“Anger doesn 't solve anything. It builds nothing, but it can make everything worse.” As you might be able to tell, the quote could very easily apply to Tybalt, the fierce and fiery character of The Tragic Story of Romeo and Juliet. In this play, Tybalt is responsible for his own death. Some examples supporting that statement, is that he was the one who had challenged the Montague Romeo in a duel, he had been told by the prince that if they fought again in the streets of Verona, Italy then they would be killed, he also killed Mercutio, Romeo 's best friend in a duel that was meant to kill Romeo.
Mercutio’s words explain how both the Montagues and Capulets are to blame for his death, so he curses both families which foreshadows what will happen at the end of the play. A Montague, Romeo, is cursed for not letting Mercutio defend himself and a Capulet, Tybalt, for stabbing him. Romeo’s actions had left him with a feeling of guilt and anger. He is furious about the death of his
Once again, Romeo goes to drastic measures to try to kill himself, succeeding in his attempt. Impatience is another factor in his intemperateness. In the last scene, Romeo rushes to Juliet’s tomb with
Oedipus was just an unlucky man with a horrible fate. He had to be banished, because he made a law that who ever di this would be banished, so he banished himself without knowing. He was only truly guilty of murder, not of incest or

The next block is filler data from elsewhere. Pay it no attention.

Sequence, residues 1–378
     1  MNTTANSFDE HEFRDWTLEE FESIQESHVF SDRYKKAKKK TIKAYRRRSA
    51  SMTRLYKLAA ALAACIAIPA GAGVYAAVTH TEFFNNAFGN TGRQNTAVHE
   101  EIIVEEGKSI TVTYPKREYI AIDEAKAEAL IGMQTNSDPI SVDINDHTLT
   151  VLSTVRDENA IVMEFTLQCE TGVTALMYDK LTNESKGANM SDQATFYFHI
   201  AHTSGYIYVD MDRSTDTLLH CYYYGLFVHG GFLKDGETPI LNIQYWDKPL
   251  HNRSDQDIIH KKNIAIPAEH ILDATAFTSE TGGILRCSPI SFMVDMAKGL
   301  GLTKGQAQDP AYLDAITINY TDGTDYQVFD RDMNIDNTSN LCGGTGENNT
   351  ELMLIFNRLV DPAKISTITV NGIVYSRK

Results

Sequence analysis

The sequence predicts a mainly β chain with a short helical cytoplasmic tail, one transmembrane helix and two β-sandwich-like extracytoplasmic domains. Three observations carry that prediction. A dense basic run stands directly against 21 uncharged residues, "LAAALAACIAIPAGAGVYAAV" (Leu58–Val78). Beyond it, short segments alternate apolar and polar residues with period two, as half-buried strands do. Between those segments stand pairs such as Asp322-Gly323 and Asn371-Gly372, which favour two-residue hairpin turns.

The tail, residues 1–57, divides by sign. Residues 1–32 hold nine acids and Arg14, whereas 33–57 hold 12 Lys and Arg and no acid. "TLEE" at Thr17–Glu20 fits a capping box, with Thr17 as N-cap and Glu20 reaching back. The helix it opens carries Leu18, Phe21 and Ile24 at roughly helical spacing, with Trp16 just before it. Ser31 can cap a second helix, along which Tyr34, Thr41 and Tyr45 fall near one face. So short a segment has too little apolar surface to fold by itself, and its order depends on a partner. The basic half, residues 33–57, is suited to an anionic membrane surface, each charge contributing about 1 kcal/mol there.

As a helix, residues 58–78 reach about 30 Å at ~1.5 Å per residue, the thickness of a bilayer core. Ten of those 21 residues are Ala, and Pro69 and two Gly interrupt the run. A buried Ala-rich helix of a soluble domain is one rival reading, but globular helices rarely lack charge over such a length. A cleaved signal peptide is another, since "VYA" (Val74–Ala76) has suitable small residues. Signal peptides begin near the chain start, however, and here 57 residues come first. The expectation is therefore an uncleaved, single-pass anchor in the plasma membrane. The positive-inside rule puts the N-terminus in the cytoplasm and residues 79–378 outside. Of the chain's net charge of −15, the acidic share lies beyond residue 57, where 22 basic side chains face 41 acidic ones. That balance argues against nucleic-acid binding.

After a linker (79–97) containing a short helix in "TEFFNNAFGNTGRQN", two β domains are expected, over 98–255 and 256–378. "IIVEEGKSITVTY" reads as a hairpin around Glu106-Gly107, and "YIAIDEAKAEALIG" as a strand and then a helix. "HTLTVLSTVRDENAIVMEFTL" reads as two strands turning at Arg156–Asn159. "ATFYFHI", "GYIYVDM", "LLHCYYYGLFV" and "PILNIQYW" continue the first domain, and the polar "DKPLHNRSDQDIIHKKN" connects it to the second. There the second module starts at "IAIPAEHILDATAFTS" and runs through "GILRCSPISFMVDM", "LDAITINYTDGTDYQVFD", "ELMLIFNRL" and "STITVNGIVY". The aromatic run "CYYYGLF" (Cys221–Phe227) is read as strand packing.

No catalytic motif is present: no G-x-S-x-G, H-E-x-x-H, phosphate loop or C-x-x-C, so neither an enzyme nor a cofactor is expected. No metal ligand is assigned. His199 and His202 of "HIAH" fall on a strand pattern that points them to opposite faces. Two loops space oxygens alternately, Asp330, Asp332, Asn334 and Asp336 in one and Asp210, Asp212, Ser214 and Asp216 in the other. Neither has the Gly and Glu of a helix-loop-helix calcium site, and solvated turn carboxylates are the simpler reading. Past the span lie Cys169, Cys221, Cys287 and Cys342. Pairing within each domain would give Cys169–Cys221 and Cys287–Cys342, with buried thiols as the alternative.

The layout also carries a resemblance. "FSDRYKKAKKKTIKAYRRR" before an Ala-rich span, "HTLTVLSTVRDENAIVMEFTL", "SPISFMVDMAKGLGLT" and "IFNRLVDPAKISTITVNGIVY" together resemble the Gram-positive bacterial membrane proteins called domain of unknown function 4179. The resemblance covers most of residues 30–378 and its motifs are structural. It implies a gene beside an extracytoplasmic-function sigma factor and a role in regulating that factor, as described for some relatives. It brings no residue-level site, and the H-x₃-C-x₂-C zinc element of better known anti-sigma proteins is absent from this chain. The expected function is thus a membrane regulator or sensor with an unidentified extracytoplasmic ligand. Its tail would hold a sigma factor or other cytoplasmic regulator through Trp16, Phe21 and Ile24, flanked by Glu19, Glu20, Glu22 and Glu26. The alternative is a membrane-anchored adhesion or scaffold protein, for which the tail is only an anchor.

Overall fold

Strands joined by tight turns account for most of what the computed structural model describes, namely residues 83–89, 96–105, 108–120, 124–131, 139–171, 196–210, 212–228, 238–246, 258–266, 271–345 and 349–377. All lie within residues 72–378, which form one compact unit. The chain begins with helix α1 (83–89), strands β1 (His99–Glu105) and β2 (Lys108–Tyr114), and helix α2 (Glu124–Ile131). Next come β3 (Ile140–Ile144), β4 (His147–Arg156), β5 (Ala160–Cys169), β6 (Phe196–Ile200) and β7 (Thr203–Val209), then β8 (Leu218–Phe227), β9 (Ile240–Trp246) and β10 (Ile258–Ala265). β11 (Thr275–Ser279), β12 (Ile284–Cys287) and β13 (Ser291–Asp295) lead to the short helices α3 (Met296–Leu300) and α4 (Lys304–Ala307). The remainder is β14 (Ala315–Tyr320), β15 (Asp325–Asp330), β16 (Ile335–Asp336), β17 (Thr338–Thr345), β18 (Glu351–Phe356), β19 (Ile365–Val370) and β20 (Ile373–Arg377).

Love for Hatred Was love or hate the force to blame or was it the people behind it? In The Tragedy of Romeo and Juliet by William Shakespeare, two people fall in the kind of love that is forbidden or looked down upon. This great love was ripped from the hearts and souls of the star-crossed lovers as the hatred caused so many to die. Even with deaths of their cousins people just got angrier. More hatred for each other grew into a feud.
Blaming Friar Lawrence Wouldn’t you just love to blame somebody for all the tragedy in your life? In The Tragedy of Romeo and Juliet you can blame somebody, and that is Friar Lawrence. Many things were variables that added up to this tragedy, but in each variable the friar had at least a small tie to it. It is because of Friar lawrence that Romeo and Juliet meet their fatal death.